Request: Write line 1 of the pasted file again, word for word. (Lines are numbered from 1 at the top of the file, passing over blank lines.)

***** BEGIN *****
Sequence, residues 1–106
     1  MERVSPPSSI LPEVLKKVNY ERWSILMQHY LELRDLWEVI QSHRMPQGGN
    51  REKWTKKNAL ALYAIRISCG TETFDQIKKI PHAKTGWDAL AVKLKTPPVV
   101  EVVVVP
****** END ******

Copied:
Sequence, residues 1–106